In general, securing patent rights in your inventions can give you a competitive advantage in your industry and can make your company more attractive to potential investors or purchasers.
Patent Basics: A patent is a right granted by the government to an inventor to exclude all others from making, using, or selling their invention for a period of twenty (20) years. In exchange for this right to exclude, the inventor must provide a full and complete disclosure of the invention – this is contained within the various sections of the issued patent document itself (specification, drawings, claims, and file history). In order to get a patent on your invention, it must be novel, non-obvious, and useful. Also, an invention cannot simply be an abstract idea or a law of nature.
There are three types of patent protection available:
- Utility Patents – these make up the bulk of all patents
- Design Patents – these cover the unique, non-functional design aspects of a product
- Plant Patents – these cover plants, of course
As an emerging business, there are several things you should consider if your company plans on making, using, or selling products that may be eligible for, or covered by, patent protection:
Do you have an invention game plan in place?
Filing for and getting patent protection is a very detailed process and is not done in the spur of the moment or on a whim. Companies that have technology they would like to protect should have a plan in place to make sure that each step of the process is done correctly. Consulting with an attorney can certainly help, but in general, any such plan should consider the following: identifying the inventors and their specific contributions, describing the problem the invention is trying to solve and documenting how the invention solves that problem, and identifying and distinguishing any “prior art” or other products that describe or attempt to solve the problem in a similar manner.
Has the invention been disclosed to the public?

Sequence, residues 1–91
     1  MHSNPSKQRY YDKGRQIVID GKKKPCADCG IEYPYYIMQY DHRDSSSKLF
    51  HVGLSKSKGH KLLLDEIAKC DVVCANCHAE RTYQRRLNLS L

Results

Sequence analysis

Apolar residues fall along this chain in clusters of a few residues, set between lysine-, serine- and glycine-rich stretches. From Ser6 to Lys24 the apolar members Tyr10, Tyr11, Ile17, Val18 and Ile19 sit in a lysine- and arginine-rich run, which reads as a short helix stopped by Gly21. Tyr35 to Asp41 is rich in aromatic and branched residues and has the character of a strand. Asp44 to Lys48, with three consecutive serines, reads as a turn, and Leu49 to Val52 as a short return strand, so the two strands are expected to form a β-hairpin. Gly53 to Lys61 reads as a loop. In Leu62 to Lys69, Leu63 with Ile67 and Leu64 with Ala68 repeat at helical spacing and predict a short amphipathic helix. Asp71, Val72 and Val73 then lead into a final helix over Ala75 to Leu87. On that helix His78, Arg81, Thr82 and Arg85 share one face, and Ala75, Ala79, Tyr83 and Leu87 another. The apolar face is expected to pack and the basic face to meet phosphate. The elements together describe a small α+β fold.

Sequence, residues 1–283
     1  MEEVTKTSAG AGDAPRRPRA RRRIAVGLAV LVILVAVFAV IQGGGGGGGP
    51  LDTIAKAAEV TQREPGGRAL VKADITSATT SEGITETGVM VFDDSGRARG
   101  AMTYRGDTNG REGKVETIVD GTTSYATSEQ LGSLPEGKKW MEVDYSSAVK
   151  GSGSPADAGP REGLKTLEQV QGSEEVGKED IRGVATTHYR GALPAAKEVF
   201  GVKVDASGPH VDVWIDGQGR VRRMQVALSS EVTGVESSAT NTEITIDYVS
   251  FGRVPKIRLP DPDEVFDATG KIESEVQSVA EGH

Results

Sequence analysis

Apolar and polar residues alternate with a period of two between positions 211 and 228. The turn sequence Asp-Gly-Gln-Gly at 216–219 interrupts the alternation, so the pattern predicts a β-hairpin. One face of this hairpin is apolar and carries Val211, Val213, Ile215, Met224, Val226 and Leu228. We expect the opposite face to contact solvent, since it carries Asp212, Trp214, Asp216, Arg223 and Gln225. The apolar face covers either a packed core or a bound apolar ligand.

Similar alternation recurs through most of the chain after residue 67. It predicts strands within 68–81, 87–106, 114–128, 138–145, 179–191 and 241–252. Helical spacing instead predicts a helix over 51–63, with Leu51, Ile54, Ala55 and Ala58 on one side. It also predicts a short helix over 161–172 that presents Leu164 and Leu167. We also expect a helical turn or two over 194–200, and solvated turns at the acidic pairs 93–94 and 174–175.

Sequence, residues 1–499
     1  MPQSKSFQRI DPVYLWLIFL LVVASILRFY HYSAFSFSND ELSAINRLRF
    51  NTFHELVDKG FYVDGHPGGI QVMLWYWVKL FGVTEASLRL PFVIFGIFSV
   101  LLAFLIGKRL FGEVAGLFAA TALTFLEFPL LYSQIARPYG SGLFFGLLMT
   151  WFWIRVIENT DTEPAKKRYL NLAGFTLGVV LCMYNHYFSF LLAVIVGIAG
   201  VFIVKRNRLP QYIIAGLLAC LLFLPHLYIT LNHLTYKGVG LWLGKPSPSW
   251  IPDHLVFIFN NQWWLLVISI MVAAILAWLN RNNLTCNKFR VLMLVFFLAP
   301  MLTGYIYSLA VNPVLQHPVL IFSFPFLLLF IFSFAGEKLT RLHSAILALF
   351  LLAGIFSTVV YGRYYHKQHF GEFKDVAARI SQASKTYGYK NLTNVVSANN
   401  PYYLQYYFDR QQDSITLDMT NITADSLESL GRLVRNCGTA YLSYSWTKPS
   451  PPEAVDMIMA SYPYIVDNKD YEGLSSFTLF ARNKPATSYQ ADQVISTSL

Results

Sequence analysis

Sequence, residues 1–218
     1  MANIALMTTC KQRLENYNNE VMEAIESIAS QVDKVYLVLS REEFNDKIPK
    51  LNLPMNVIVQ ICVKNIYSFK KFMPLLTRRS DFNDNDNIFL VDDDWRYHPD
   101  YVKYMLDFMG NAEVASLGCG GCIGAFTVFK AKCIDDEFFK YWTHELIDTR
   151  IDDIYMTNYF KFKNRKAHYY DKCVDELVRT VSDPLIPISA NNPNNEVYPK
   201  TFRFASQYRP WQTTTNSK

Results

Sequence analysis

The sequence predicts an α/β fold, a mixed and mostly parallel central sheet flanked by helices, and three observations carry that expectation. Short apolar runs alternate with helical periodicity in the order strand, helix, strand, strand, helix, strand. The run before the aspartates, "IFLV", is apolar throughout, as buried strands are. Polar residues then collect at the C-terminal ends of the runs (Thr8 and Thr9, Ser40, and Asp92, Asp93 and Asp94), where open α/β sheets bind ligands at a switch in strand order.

Ideally, you should file for patent protection before you disclose your invention to the public. Otherwise, the disclosure of the invention can serve as “prior art” and can impede your ability to show that the invention is novel. In the United States (and a few other countries), there is a grace period allowing an inventor to file within twelve (12) months of the first public disclosure without that disclosure serving as “prior art”. Therefore, if you sell, offer to sell, or disclose your invention to the public (for example, to potential investors, in a white paper, in a journal, at a trade show, or at a conference) then the clock is ticking and you must file within twelve (12) months in the United States.
Does your product potentially infringe upon someone else’s patent?
Many companies that are either aware of patents in their field and/or are concerned about the potential risks of launching a new product seek a Freedom-To-Operate (FTO) opinion from their attorney. The attorney will then search the related patents and prepare a report identifying potential issues/features that may need to be addressed (including by designing around the patents or seeking a license). If the attorney indicates there are no patents blocking access to the marketplace, then the company can also decide to file for patent protection.
Who owns the patent?
A patent is owned by the inventors listed on the patent. Moreover, a business does not automatically gain ownership rights in a patent simply because it was invented on company time by employees of the company. Such rights must be transferred in writing by an assignment agreement. Therefore, the most prudent route is to (1) have all employees sign an invention assignment agreement at the time of hire, and (2) have each employee-inventor sign a specific assignment agreement for each invention/patent.
- Develop a plan to describe and document the invention and patenting process.
- Do not disclose the invention to the public prior to filing for patent protection. Once disclosed, file for patent protection within twelve (12) months in the United States.
- Consider whether a Freedom-to-Operate opinion makes sense for your product.
- Have each employee sign an invention assignment agreement at the time of hire, and have each employee/inventor sign an assignment agreement for each invention/patent.
- Consult with a patent attorney as early as possible to help avoid the myriad of pitfalls.